Thor Love and Thunder review: Marvel epic does too much and not enough

His predecessor was a wild, ludicrous success. Is this a sequel? Approximately half as much. Bummer.

If you’re looking for a Thor movie filled with chaotic energy, self-aware humor, and wittier reporting than the Spencer Tracy and Katharine Hepburn scene, then check out Thor: Ragnarok.

Since follow-up Thor: Love and Thunderhalf as interesting as its predecessor.

Expectations were high for Kiwi director Taika Waititi for the next entry in the Marvel Cinematic Universe. Love and Thunder can’t get up to them. Incoherent and sometimes bordering on the incomprehensible, Love and Thunder is a mix of genres that doesn’t always flow.

Is this a “bad” movie? No. It has a lot of elements that are dazzling, but overall it just doesn’t dazzle. And you want it to shine, you don’t want to be content with basically OK.

We collect after Avengers: EndgameThor (Chris Hemsworth) is with a fun gang of Guardians of the Galaxy, but they quickly part ways – it’s surprising how little screen time the Guardians have, given that all of these actors have served a two-week quarantine mostly for a few cameos.

Thor at a crossroads. He doesn’t have the bloodlust for battle he once did, and questions his life’s purpose. Who is he supposed to be now that he’s not locked in either his regal Asgardian destiny or the depression caused by video games and too much beer?

While chasing a lead, he stumbles upon an injured Sif (Jaime Alexander), who explains that Gorr, the Butcher God (Christian Bale), is in tears, instilling fear and legendary weapons into the bodies of the universe’s deities.

And the lingering Gorr has set his sights on the god of thunder, our titled superhero.

But before Thor can turn to the pantheon of gods and supreme god Zeus (Russell Crowe), he runs into his ex, Jane Foster (Natalie Portman), and she looks a little different. Jane assumed the mantle of the Mighty Thor, powered by the reconstructed Mjolnir.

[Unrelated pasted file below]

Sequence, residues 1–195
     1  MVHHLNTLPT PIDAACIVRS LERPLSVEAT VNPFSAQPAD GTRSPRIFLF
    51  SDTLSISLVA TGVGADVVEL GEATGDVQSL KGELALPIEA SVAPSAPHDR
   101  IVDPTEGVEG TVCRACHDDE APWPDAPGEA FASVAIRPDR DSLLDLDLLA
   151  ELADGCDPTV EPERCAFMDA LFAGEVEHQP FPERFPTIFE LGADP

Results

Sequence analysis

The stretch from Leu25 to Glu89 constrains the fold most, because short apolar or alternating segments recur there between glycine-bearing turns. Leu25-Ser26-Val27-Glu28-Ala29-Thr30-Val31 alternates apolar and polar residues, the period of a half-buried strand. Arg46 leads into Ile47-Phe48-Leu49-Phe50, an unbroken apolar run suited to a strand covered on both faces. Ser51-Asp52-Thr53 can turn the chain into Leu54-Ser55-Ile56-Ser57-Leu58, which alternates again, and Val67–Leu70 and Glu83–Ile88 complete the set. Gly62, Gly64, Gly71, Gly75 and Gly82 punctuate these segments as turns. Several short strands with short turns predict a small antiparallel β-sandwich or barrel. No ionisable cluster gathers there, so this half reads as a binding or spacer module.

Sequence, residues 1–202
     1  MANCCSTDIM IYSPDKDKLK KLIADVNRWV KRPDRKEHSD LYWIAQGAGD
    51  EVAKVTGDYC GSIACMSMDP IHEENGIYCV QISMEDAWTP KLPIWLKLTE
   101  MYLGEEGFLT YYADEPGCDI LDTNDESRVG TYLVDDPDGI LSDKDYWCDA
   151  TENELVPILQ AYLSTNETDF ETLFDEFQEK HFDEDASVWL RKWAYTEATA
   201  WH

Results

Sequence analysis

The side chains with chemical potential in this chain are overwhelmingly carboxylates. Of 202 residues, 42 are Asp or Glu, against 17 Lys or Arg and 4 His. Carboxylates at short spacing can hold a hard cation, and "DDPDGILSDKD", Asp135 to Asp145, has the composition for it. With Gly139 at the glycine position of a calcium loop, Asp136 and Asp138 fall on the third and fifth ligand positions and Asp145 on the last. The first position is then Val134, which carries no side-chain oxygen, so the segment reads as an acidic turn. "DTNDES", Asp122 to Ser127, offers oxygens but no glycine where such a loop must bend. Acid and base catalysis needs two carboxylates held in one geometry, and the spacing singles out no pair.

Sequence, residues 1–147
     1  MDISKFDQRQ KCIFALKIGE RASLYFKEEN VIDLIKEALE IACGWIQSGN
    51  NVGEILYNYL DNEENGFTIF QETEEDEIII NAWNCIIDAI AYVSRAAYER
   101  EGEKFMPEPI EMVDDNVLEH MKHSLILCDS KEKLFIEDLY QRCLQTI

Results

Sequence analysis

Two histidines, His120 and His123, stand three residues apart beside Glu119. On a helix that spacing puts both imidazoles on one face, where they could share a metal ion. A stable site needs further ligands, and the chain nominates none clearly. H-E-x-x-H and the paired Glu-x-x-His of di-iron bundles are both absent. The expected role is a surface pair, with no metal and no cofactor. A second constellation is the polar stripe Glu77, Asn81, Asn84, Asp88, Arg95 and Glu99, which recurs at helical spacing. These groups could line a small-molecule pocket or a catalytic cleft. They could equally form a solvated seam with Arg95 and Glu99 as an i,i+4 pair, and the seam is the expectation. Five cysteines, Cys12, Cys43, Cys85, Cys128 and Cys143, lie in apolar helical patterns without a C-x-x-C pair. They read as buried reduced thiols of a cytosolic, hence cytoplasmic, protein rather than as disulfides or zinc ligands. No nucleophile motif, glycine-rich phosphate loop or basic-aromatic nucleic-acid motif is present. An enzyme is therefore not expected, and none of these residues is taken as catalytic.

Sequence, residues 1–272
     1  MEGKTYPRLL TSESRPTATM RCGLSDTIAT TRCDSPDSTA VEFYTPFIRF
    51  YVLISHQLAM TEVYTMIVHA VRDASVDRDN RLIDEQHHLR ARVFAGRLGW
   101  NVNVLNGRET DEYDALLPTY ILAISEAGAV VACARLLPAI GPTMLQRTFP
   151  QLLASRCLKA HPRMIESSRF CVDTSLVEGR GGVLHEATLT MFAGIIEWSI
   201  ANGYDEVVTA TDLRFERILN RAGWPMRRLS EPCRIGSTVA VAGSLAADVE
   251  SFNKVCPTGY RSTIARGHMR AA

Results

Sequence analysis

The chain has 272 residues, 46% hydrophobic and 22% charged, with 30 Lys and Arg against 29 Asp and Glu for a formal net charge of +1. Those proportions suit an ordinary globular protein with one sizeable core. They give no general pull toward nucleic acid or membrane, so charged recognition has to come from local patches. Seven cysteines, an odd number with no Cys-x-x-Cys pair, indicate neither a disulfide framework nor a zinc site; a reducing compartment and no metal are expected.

Their relationship ended eight years ago, but Thor is clearly still nostalgic, and there’s an obvious spark between the two ex-lovers – that’s where Love and Thunder goes into romantic comedy mode.

There’s a flashback montage of how they broke up in the first place, and the banality of the “why” heightens their kinship. Their flirting is adorable, especially when you watch the crushing Thor being so shy.

But even though Hemsworth and Portman have a light and engaging on-screen chemistry, that’s why Love and Thunder it feels like something is missing.

This more comical iteration of Thor needs a spiky opposite to bounce off, and Jane doesn’t serve that purpose – their dynamics are different.

In the past, that person has been Tom Hiddleston’s Loki, and the ups and downs of the brothers’ relationship has been one of the most compelling couples in the MCU. Even Mark Ruffalo’s Bruce Banner had the same playfulness against Thor as Star-Lord Chris Pratt in Avengers: Infinity War.

Without that alpha male oppositional power to knock him down a bit, the grandiosity of the thunder god becomes too much. It needs to be kept.

How Thor: Love and Thunder had to be kept. It ranges from romantic comedy to horror, action comedy, and family adventures, and the run in between is a cinematic whiplash.

There is a certain looseness to the film that, instead of making it fun and exuberant, makes it messy and tedious.

The sets themselves are pompous and electrifying, and full of funny one-liners and laughter. The fight sequences are full of excitement, the shots of the child actors are cute, and the frantic visuals are festive.

It just doesn’t connect particularly well when everything is coming at you at a furious pace. Perhaps he thinks that if you get distracted by the onslaught, you won’t notice that the story is relatively thin and the Thor character’s journey is limited.

You want to love him because of the good will from Ragnarok and much of Waititi’s work, but wishing alone is not enough, and not Thor: Love and Thunder.

Rating: 2.5/5

Thor: Love and Thunder is in theaters now

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